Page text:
Nature Conservation Policy in Europe

The NATURA 2000 network is the world's
biggest transboundary network of protected areas.
© Manuela Burkart

EuroNatur: Advocate for a better nature conservation policy

Ever since its inception, EuroNatur’s work has had a European focus. The protection of Europe’s rivers and forests, its wildlife and its birds, has to be driven forward through direct political interaction with decision-makers in Brussels. This was one of the reasons why, in 2021, we decided to open a branch office in the Belgian capital.

In our campaigns, we set regional priorities - such as the Ulcinj Salina in Montenegro or the primary and old-growth forests of the Romanian Carpathians - and our aim is to bring about positive change through public and political pressure.

EU funds should never harm nature, climate or the environment (Statement of the Green 10 on the ‘do no significant harm’ principle, 18.11.2021)

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EuroNatur Position Paper on energy generation without destroying nature (30.11.2021)

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What we are doing to secure an ecologically-oriented nature conservation policy

Forest activists

Protest action in front of the European Parliament to protect the Romanian virgin forests.

© Matthias Schickhofer
Lonsjko polje in Croatia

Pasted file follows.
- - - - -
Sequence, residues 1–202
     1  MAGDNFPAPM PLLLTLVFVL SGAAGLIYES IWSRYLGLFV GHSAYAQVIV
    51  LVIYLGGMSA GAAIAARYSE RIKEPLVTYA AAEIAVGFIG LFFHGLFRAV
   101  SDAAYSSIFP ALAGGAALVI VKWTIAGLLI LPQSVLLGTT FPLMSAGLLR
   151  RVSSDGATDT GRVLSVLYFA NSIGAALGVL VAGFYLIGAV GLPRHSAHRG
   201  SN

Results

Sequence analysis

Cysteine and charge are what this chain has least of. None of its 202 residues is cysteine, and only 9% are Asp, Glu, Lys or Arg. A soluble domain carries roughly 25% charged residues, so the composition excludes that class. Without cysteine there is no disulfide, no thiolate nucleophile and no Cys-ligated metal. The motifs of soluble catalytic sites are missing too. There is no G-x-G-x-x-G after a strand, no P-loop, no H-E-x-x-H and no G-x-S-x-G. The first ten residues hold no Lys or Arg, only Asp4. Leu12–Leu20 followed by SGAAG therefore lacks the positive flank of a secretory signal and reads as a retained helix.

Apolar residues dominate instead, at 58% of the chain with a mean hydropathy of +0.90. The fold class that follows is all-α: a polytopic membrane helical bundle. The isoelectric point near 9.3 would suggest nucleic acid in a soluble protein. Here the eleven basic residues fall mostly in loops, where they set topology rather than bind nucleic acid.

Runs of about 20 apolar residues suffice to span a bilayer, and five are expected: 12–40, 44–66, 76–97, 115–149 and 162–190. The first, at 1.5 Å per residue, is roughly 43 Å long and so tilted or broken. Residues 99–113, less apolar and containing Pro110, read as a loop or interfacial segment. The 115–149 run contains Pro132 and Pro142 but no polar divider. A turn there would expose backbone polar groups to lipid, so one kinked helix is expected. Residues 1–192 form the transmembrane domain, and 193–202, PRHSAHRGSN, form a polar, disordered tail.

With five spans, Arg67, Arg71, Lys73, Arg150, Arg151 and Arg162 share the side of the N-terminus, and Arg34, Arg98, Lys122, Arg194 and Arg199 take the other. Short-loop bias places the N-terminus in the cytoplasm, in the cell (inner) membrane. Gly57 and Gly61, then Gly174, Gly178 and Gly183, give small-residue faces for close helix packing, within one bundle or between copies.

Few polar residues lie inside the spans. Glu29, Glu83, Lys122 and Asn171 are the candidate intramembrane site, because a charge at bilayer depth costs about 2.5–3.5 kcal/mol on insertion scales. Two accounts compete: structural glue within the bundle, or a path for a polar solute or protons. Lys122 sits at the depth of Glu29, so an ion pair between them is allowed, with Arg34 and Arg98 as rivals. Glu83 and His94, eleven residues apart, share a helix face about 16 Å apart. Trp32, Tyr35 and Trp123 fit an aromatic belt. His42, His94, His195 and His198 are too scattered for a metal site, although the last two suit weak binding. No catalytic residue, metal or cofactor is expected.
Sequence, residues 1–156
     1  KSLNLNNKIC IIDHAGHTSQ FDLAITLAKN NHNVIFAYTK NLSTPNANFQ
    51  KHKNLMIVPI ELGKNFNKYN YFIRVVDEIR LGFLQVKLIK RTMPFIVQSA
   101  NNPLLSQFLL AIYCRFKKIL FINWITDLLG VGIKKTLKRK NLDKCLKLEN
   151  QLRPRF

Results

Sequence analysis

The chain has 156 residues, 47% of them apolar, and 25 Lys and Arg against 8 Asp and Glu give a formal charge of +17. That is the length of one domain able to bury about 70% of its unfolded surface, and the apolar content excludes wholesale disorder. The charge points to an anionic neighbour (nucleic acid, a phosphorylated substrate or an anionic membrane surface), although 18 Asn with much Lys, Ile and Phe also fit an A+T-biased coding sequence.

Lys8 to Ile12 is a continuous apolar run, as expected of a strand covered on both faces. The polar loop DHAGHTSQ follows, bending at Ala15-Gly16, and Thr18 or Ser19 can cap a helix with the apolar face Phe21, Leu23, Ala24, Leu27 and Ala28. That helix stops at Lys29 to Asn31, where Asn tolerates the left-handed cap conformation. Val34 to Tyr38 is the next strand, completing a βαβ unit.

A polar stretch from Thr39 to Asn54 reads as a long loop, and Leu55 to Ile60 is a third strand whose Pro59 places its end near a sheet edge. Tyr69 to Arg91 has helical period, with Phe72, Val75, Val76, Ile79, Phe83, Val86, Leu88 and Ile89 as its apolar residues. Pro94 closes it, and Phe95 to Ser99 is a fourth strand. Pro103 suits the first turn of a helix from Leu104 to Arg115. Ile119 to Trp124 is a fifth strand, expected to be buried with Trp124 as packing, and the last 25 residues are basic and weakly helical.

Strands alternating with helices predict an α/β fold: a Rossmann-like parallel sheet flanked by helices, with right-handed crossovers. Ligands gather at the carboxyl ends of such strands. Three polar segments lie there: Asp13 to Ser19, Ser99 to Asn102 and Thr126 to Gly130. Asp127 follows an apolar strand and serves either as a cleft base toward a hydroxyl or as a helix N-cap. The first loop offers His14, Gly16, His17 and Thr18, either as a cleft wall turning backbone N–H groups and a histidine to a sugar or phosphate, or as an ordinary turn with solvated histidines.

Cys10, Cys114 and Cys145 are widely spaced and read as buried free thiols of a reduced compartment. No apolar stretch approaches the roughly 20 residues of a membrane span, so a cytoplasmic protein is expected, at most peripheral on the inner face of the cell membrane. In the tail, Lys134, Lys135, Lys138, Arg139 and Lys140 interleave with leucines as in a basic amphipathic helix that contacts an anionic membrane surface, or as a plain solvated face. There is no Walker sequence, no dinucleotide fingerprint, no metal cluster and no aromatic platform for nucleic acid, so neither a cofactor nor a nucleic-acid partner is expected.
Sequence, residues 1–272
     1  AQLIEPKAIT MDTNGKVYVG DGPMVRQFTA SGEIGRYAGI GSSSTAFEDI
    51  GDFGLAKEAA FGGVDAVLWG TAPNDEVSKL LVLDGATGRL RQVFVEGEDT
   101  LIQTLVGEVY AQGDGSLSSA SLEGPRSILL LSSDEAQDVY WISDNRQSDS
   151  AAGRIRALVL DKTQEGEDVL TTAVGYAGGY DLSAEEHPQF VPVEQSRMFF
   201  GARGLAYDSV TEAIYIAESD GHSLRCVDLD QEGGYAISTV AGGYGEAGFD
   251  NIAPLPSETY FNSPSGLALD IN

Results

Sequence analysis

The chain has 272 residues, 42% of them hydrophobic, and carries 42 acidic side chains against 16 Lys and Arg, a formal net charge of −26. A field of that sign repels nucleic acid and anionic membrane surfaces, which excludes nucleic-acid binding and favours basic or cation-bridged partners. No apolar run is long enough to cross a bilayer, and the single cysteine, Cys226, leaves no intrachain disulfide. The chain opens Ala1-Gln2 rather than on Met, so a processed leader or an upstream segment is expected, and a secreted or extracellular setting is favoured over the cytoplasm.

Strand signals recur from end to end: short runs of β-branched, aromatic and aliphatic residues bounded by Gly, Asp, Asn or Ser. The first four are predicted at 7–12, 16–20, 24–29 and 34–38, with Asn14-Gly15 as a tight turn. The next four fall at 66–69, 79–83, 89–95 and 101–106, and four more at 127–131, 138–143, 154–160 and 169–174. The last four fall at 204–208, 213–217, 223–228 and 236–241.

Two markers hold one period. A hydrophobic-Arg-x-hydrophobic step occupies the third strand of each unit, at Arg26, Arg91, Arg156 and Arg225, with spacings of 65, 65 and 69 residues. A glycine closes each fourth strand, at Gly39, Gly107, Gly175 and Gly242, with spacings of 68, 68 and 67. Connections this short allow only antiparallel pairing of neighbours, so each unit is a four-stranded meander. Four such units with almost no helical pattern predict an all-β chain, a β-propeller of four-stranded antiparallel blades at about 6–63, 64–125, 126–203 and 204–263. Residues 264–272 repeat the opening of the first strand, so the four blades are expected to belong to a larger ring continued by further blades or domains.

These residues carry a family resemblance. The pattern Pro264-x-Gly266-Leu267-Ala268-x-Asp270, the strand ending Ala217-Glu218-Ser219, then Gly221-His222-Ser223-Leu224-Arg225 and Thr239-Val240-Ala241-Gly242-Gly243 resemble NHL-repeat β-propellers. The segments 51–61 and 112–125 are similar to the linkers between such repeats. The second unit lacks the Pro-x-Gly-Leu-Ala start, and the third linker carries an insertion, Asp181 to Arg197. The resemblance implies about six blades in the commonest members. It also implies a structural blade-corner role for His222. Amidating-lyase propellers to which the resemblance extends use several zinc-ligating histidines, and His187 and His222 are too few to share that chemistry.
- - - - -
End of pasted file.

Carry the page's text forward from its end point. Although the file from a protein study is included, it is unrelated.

Traditional grazing livestock farming in the Sava floodplains.

© Gunther Willinger
  • Campaigning together for Europe's natural heritage: Together with our partners, we are working to expose abuses of nature conservation policy. We provide early warning of undesirable ecological developments in Europe, and we mobilise the public as well as EU bodies and Members of the European Parliament. We organise protests - whether in Brussels or locally in our project areas - and take legal action where appropriate. 
     
  • Reforming agriculture, preserving traditional farming methods: The way we produce our food is key to species diversity in Europe. At one time, forms of small-scale agriculture in particular, ensured that Europe’s biodiversity boomed. EuroNatur is therefore supporting agricultural projects such as pastoral livestock farming (transhumance) in the Iberian Peninsula and the Balkans. Entire ecosystems, such as those which support the dung beetle, the orchid and the black vulture, are benefiting from this approach. A reformed agricultural policy can contribute not only to nature conservation and environmental protection, but also to improving the social conditions of many farmers.
  • Deploying funds appropriately: In response to the COVID-19 crisis, the European Union has decided to invest around 670 billion euros in the reconstruction of the European economy. The money is linked to investments in climate and nature conservation as well as digitalisation. However, many of the measures planned by member states risk being extremely damaging to nature. EuroNatur is campaigning to limit the worst impacts of this misguided policy and to set the course for an ecological future.

Setting the right rules is how society can function together with nature and if politicians are not acting for the greater good, it is our role as EuroNatur, together with other civil societies, to speak up.

[Translate to Englisch:] Bruna Campos, Senior EU Policy Manager at EuroNatur

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